Sleep not only serves to consolidate memory and to fulfill a rest function, it would seem that it also plays a biological role of flushing out waste that has built up in the brain while we’re awake.

To protect themselves from any toxic molecules, nerve cells are not directly irrigated by the blood. The blood is filtered so that toxins do not come into contact with the neurons. One of these barriers is the cerebrospinal fluid (CSF) which flows through specific channels around and inside the brain. This fluid protects the brain from shocks and infections and carries nutrients to the brain.

Researchers assumed until now that the waste produced by the brain ...

Why don't ballerinas get dizzy?

To understand why classically trained ballerinas can do pirouettes one after another without getting dizzy, researchers studied eye reflexes and the parts of the brain that became activated in dancers.

The participants were put in a revolving chair that the scientists spun around in the dark. The results compared with a control group (young women rowers) showed that dancers did not feel dizzy for as long. The images obtained using MRI (magnetic resonance imaging) also showed that the zone of the cerebellum receiving the dizzy signals is smaller in dancers.

The authors of the study assume that this zone gets smaller over many years of dancing, so that ...

Mirror neurons: the motor areas regenerate through observing actions

The motor cortex covers the entire area of the brain responsible for movement. Within these motor areas, there are some quite special neurons that become activated when an action is carried out and also when this same action carried out by a third party is perceived (since the motor cortex is connected to the muscles as well as to the visual system).

In a recent experiment carried out by a Franco-Italian team, an arm and a hand of each of thirty volunteers were immobilized for 10 hours causing atrophy of part of the motor cortex in charge of manual prehension. Then, these subjects were split into two groups. One group has seen videos of natural landscapes, while the other ...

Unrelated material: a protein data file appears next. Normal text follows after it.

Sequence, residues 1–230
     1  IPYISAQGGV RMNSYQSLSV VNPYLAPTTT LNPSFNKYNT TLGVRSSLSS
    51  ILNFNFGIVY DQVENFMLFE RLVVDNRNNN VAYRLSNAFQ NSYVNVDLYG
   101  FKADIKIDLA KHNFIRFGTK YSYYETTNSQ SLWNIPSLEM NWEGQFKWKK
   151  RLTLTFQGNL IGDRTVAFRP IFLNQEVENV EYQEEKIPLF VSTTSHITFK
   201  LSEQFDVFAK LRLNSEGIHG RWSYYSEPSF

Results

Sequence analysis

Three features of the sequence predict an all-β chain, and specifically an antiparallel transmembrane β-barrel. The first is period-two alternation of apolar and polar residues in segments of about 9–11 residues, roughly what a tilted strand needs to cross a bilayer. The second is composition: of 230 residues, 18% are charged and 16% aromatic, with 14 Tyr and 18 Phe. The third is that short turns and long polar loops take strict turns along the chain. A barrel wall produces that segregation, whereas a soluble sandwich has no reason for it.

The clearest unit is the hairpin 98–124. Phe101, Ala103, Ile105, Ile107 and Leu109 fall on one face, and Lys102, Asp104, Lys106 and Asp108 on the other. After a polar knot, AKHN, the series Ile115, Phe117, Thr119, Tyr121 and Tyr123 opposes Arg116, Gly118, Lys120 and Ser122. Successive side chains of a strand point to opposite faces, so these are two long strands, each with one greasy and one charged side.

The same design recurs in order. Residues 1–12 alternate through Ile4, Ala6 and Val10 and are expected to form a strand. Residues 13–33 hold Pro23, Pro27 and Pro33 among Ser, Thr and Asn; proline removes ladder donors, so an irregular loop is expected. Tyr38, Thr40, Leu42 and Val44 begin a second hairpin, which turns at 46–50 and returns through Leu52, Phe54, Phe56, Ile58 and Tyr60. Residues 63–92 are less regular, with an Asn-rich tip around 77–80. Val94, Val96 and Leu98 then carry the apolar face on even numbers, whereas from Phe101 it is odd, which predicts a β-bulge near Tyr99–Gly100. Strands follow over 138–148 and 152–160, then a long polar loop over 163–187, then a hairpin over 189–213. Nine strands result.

How to boost problem-solving skills under stress

Stress not only generates health problems, it also impairs problem-solving skills and creativity. A recent study led by J. David Creswell from the Carnegie Mellon University has now brought evidence that self-affirmation ("the process of identifying and focusing on one's most important values") can improve problem-solving in stress situations. The researchers asked college students to rank-order a set of values such as business or family and friends based on their personal importance. The students also had to indicate their levels of chronic stress. They were then asked to write a short text justifying their number one ranked value. The participants who had been under high chronic stress for ...

Searching And Finding - How The Brain Does It

Researchers from the University of Berkeley recently discovered how the brain proceeds when searching for something. In order to be as efficient as possible the brain calls upon brain regions which are usually in charge of other tasks and categories. As an example, when you are looking for someone (object category "People") it also involves neurons which normally respond to other categories such as animals or plants. These neurons are then temporarily assigned to the category "People". This is the brain's very high flexibility proven all over again...

How Your Emotions Are Influenced By Your Heart

So it turns out that many idioms using the word "heart" may well be true... A British team has shown that processing emotions such as fear greatly depends on the heart's cycle. According to the researchers, fearful images seen during systole (when the heart is pumping) are considered more intense than during diastole (relaxation stage). The level of anxiety felt by the subject also greatly impacts how the heart and the brain interact. The team from the Brighton and Sussex Medical School hopes that their findings will lead to new therapeutic options for very anxious people.

Mindfulness Training: Improved Working Memory Skills And Less Mind-Wandering

A new study by researchers from the UC Santa Barbara showed that only two weeks of mindfulness training (Mindfulness is defined as "a state of non-distraction characterized by full engagement with our current task or situation") could improve a person's reading comprehension, working memory capacity as well as their ability to focus. Led by graduate student researcher in psychology Michael Mrazek, the team worked with 48 students who were either assigned to a mindfulness practice class or to a nutrition class. The students were tested for verbal reasoning and working memory skills, during which mind-wandering was also measured. A week after the classes had ended, both groups were tested ...

A Stimulating Environment To Protect Your Brain